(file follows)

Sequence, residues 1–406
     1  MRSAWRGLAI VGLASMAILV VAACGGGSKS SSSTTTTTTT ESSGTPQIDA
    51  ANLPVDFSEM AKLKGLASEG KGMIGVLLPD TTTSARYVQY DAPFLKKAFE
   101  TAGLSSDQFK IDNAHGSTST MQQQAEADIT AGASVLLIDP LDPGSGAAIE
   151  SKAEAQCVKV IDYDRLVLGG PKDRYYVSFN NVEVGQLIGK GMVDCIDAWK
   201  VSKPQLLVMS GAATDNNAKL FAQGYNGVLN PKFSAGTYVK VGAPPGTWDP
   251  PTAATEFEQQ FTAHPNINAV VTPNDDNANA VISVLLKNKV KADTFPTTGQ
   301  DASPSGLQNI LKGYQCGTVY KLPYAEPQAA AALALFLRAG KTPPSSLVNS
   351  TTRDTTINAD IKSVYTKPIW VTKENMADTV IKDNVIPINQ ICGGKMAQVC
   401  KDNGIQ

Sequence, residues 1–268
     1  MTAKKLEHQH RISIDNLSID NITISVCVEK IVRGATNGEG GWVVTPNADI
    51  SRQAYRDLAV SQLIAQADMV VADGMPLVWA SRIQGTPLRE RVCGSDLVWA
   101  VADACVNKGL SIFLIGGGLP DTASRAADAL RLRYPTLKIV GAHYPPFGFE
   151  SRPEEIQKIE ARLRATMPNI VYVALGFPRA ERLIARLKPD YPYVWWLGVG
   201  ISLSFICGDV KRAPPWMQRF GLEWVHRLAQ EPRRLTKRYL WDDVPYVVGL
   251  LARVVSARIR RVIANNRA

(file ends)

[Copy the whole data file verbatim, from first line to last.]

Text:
Sequence, residues 1–406
     1  MRSAWRGLAI VGLASMAILV VAACGGGSKS SSSTTTTTTT ESSGTPQIDA
    51  ANLPVDFSEM AKLKGLASEG KGMIGVLLPD TTTSARYVQY DAPFLKKAFE
   101  TAGLSSDQFK IDNAHGSTST MQQQAEADIT AGASVLLIDP LDPGSGAAIE
   151  SKAEAQCVKV IDYDRLVLGG PKDRYYVSFN NVEVGQLIGK GMVDCIDAWK
   201  VSKPQLLVMS GAATDNNAKL FAQGYNGVLN PKFSAGTYVK VGAPPGTWDP
   251  PTAATEFEQQ FTAHPNINAV VTPNDDNANA VISVLLKNKV KADTFPTTGQ
   301  DASPSGLQNI LKGYQCGTVY KLPYAEPQAA AALALFLRAG KTPPSSLVNS
   351  TTRDTTINAD IKSVYTKPIW VTKENMADTV IKDNVIPINQ ICGGKMAQVC
   401  KDNGIQ

Sequence, residues 1–268
     1  MTAKKLEHQH RISIDNLSID NITISVCVEK IVRGATNGEG GWVVTPNADI
    51  SRQAYRDLAV SQLIAQADMV VADGMPLVWA SRIQGTPLRE RVCGSDLVWA
   101  VADACVNKGL SIFLIGGGLP DTASRAADAL RLRYPTLKIV GAHYPPFGFE
   151  SRPEEIQKIE ARLRATMPNI VYVALGFPRA ERLIARLKPD YPYVWWLGVG
   201  ISLSFICGDV KRAPPWMQRF GLEWVHRLAQ EPRRLTKRYL WDDVPYVVGL
   251  LARVVSARIR RVIANNRA